You know how it is. A great little film goes on limited release. You see it before the hype settles in and tell your friends that they must see it too. A couple of weeks go by and the papers are raving about it. Fair enough, its nice to feel your taste in movies is vindicated. Then the Sun declares it film of the year. Oh well, you think, maybe theyre right. Then ten other papers do, and all your colleagues are asking you if youve seen it yet. But despite the jealousy, despite the fact its no longer just a good little film, that its An Event, you still stick by the fact you like it.
Then the Oscar nominations come out. Youre subjected to inhuman quantities of TV coverage. You cant open Screen International without a double page spread headed For Your Consideration. And on every BBC News 24 special, the same clips of Anthony Hopkins sucking his lips at Clarice Starling, or Mark Addy wrapping himself in cling-film, or Ralph Fiennes shooting from his balcony in black and white are shown again and again and again and again.
Its at this point that I get that sinking feeling. The film has gone from being enjoyable to being An Event before gaining that most terrifying of status - An Institution. People prowl Sainsbury's whistling the theme to Schindlers List. Your petrol station clerk shouts Show Me The Money and twelve year-olds talk about the brilliance of widening camera shutters to get the disturbing Normandy beech landing effect.
And YOUR film (because it is YOUR film dammit - you saw it before anyone could give a hoot) becomes as inevitably successful as a Best Actress nomination for Meryl Streep. And when the director of YOUR film steps onto the Academy podium to collect their award and perhaps declare that they are the King of The World or that The Brits are Coming or that What They Really Want To Do Is Act, it is no longer your film. And its art, its originality, the brilliance of the film that the director probably fought for with the Studio over months on end, has become its unique selling point, a way for the studios to make bigger and bigger bucks.
So how many times will we have to watch Lester Burbank shout at Annette Benning over dinner before American Beauty begins to jar? How often will we see Al Pacino tell Russell Crowe that the world needs people like him before the scene starts to suck? How much of Timothy Spalls Topsy Turvey dancing does it take to rip the humour from the film? I dont know, but Im pretty sure when Sam Mendes bounces up to the podium to collect Best Picture (and he does bounce), when he feigns astonishment and marvels at the standard of the other films, then, and perhaps only then, will the film fail to appear a paradigm of daring originality. Then it will be An Institution, and us UK filmmakers can hiss behind our hands as Mendes is offered more lucrative deals than we get rejection letters.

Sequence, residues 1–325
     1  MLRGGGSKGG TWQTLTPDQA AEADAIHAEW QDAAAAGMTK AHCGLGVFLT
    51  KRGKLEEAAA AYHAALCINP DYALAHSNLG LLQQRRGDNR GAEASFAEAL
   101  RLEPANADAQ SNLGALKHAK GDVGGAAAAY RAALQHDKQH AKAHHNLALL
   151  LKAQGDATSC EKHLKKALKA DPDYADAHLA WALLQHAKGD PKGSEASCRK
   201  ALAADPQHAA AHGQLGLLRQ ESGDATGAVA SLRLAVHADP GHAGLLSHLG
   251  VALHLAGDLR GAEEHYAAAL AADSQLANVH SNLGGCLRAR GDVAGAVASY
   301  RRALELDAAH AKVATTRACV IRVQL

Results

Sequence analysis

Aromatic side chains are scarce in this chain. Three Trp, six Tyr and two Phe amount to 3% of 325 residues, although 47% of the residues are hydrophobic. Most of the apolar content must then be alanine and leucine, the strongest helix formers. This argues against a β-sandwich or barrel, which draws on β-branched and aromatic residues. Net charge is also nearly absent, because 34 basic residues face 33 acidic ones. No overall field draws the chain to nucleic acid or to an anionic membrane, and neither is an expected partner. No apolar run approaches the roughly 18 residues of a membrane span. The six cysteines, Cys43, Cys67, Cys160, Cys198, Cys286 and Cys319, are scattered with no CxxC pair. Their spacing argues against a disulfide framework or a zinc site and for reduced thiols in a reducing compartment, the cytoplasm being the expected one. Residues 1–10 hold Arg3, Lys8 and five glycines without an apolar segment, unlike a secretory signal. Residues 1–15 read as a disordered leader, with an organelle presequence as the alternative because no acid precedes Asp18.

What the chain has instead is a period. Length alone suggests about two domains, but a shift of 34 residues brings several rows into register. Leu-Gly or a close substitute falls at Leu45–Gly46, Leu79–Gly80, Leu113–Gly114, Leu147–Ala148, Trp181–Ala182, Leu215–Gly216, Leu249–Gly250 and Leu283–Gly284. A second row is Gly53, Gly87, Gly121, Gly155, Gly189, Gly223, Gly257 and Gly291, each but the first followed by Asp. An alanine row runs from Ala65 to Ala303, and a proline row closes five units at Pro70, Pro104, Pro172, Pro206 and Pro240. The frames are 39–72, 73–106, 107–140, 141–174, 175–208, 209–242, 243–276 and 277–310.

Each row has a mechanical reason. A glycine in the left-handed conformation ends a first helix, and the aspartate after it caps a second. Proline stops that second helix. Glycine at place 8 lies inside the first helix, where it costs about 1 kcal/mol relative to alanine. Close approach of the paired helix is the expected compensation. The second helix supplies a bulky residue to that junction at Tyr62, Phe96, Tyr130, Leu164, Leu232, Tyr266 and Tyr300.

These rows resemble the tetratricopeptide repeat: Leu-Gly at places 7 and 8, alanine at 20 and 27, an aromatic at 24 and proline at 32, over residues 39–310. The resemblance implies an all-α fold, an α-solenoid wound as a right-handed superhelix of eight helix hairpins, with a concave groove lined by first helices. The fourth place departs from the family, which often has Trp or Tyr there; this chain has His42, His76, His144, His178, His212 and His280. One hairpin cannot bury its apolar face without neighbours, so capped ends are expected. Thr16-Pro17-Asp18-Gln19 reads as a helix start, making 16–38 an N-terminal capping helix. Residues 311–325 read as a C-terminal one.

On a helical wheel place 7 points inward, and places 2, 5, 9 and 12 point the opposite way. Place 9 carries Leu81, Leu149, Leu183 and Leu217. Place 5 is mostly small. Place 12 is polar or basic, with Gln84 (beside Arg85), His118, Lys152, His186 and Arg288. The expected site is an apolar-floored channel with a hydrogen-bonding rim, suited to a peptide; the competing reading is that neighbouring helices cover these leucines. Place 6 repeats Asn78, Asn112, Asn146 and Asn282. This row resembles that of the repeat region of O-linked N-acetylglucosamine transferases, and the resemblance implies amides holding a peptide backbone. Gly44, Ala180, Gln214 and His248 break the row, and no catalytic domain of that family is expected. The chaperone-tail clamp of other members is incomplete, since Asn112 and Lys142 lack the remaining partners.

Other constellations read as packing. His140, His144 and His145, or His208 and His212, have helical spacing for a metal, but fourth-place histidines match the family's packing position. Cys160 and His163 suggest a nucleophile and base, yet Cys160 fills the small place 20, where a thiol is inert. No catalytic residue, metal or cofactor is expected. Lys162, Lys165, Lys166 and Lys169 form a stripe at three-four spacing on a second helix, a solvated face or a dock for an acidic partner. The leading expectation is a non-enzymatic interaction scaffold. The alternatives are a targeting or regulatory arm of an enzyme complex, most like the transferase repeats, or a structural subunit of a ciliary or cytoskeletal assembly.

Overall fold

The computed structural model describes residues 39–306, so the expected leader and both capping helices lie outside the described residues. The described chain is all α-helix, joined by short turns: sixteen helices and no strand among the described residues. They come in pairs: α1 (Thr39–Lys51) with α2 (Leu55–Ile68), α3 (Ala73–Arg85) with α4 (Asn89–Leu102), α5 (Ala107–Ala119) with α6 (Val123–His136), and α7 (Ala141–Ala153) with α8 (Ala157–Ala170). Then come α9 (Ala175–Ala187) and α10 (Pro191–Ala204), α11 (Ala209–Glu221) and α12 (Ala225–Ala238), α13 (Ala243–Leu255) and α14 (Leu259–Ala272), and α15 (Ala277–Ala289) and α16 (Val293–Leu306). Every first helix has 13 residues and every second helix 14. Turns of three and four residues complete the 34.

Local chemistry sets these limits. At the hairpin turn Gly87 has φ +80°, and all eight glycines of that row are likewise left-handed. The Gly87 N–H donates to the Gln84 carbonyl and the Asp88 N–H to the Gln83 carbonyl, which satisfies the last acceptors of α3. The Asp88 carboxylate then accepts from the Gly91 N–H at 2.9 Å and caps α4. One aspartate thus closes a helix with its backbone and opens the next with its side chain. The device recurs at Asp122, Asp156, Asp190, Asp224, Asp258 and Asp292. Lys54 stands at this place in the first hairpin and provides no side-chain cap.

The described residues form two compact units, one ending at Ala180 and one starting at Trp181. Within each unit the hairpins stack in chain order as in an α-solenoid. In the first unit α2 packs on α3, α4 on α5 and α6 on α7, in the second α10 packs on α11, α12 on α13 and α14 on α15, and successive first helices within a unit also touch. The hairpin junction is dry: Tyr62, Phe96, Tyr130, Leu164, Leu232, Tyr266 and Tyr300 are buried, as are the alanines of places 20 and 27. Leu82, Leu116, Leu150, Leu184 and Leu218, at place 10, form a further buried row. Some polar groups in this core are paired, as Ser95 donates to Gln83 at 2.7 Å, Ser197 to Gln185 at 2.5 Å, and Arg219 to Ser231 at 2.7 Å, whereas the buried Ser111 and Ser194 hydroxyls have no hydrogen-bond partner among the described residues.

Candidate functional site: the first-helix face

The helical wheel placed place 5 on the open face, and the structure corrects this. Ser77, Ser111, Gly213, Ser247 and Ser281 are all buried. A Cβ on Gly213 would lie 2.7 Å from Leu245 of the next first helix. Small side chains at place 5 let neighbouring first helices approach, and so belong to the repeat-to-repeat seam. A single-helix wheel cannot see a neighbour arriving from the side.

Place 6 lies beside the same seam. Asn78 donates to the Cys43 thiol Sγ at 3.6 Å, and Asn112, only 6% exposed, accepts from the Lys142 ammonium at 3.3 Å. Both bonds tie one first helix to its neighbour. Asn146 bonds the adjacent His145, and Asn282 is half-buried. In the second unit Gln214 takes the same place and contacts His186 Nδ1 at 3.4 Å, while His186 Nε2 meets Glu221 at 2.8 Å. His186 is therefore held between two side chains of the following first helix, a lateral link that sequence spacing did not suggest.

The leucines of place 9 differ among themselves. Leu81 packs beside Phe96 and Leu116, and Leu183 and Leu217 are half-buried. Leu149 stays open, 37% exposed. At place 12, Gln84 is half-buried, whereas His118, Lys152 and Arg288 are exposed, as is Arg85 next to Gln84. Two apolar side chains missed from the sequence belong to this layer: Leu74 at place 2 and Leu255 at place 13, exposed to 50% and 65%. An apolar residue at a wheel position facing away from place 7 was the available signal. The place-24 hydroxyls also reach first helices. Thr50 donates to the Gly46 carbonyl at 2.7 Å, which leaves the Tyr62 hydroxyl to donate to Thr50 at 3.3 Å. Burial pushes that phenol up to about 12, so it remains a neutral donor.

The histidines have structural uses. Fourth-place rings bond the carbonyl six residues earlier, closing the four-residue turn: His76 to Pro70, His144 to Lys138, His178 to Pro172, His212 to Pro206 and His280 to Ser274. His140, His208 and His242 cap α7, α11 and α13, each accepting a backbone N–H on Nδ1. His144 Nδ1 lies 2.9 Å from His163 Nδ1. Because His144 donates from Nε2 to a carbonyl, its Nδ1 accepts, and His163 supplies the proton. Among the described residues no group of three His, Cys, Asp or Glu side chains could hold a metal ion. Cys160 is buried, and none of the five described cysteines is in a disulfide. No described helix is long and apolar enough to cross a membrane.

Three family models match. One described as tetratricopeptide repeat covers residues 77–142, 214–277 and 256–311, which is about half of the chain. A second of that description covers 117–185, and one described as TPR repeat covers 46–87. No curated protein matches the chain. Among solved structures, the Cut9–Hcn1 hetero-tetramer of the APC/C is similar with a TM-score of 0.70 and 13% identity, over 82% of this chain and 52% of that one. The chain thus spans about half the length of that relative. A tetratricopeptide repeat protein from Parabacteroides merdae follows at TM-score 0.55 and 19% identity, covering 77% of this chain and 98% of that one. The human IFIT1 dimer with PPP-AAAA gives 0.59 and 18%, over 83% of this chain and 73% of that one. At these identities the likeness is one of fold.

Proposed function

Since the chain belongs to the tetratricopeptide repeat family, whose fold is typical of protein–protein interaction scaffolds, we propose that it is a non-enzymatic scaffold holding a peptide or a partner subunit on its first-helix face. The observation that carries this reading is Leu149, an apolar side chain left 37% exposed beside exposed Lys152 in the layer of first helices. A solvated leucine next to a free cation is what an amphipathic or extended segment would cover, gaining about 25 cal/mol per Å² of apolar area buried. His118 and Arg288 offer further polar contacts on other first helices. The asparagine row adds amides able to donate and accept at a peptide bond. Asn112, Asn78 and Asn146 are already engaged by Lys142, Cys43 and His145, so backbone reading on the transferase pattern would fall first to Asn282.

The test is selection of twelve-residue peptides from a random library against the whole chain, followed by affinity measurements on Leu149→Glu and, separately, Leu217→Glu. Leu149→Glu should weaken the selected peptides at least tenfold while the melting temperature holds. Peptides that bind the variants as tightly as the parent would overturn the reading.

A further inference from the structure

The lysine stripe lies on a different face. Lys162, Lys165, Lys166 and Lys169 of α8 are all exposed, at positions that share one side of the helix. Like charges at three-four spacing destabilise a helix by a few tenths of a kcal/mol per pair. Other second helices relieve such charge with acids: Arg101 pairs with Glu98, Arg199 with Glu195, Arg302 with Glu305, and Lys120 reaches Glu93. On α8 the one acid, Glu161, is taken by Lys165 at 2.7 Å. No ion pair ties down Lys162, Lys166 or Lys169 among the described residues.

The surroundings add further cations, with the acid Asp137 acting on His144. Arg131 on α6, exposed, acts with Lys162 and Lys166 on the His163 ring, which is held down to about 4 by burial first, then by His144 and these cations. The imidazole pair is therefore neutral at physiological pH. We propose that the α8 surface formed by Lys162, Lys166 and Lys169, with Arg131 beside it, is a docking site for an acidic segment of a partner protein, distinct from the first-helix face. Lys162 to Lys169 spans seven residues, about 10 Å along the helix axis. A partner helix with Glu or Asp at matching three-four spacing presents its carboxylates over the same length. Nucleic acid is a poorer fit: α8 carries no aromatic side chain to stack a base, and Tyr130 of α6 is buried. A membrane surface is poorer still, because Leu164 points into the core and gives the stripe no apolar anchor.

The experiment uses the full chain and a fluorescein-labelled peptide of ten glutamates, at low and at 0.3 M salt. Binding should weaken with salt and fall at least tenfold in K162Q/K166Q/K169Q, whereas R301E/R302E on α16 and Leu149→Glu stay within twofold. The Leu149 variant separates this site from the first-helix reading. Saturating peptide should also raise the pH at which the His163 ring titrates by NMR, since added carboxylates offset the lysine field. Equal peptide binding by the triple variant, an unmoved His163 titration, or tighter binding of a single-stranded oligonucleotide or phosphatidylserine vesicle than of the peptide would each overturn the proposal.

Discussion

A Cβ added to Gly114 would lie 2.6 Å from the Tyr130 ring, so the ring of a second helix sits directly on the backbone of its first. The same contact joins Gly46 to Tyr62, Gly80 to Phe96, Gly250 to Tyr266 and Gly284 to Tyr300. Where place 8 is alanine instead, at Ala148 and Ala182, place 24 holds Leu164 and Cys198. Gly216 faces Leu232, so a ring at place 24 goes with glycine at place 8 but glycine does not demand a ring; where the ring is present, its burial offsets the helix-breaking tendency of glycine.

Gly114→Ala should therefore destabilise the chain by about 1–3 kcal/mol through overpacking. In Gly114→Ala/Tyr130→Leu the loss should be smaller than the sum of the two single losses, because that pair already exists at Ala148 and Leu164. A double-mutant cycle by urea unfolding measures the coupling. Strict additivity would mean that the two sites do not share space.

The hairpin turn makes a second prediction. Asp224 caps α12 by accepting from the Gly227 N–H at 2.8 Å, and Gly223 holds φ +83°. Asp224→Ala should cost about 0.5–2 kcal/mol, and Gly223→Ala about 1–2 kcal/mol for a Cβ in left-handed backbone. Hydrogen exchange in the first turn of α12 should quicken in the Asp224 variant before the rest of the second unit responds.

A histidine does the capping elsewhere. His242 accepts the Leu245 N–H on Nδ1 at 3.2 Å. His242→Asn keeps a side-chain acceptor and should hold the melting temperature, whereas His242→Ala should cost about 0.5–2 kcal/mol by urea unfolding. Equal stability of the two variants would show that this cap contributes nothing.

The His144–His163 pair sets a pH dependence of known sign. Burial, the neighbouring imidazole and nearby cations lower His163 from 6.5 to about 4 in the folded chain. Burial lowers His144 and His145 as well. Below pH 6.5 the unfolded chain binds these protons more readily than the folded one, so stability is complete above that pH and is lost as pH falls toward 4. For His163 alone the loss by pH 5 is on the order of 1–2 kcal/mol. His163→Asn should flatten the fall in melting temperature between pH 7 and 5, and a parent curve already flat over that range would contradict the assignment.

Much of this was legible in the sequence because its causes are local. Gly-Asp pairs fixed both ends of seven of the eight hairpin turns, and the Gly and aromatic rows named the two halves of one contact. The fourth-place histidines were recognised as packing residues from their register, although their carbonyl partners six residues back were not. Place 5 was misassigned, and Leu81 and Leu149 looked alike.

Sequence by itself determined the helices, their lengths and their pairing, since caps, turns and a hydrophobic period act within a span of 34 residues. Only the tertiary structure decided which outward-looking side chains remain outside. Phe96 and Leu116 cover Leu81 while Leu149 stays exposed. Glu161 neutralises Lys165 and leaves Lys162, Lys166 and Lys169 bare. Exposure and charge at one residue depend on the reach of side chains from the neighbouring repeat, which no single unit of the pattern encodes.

So I salute the fact that Stanley Kubrick never got offered an award. That Hitchcock, Chaplin, Hawks, Welles, Kieslowski, Leigh and Loach suffered similar treatment. Im quite happy to see Gone With The Wind and Titanic share stupid amounts of golden dildos if The Third Man, The Killing and Vertigo never have to share it with them.
But then I have to admit loving the whole thing. I love Billy Crystals almost-risque-one-liners, which you know have been crafted by a team of twenty over the past eighteen months. I love seeing Tom Cruises smile stretch to breaking point when he fails to win (and boy does he keep on clapping). I love the fact that half the audience are stand-ins because the real celebs are powdering their noses in the bar. I love the fact that when any nominations for Boys Dont Cry are read out, there will be the largest cheer from the lesbian transsexual brigade at the back of the circle. I love the fact that in, but a few years, Meryl Streep will have an awards category set aside just for her.
You love them. You hate them. They turn good films into schmaltz and ignore great ones. The Oscars epitomise everything cheap and crass about filmmaking. But youd struggle to find a filmmaker in the world today whod send a Native American to collect the award on behalf of the environment like Brando once did. Lets face it, weve all practised our acceptance speeches in front of the mirror when were drunk. Its Hollywood, its horrible, but I want in.